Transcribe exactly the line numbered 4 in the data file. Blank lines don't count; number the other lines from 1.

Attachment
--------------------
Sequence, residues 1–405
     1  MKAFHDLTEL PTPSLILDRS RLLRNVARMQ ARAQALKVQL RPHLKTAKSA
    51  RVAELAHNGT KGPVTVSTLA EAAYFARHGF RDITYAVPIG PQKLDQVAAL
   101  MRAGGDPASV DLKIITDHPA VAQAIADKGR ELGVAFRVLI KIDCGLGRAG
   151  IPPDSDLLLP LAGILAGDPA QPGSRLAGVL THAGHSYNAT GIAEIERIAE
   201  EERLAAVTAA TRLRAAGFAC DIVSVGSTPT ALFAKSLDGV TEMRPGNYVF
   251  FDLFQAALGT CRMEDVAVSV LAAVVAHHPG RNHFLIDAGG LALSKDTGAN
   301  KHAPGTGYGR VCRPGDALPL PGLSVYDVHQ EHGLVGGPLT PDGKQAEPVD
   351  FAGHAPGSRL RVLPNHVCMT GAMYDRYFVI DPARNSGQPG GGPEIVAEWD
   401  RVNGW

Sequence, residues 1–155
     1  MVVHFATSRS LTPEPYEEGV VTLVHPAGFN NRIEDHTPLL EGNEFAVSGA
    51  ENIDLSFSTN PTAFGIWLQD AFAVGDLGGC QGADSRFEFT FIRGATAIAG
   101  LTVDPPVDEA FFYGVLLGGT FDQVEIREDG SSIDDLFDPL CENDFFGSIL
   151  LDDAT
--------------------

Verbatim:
   101  MRAGGDPASV DLKIITDHPA VAQAIADKGR ELGVAFRVLI KIDCGLGRAG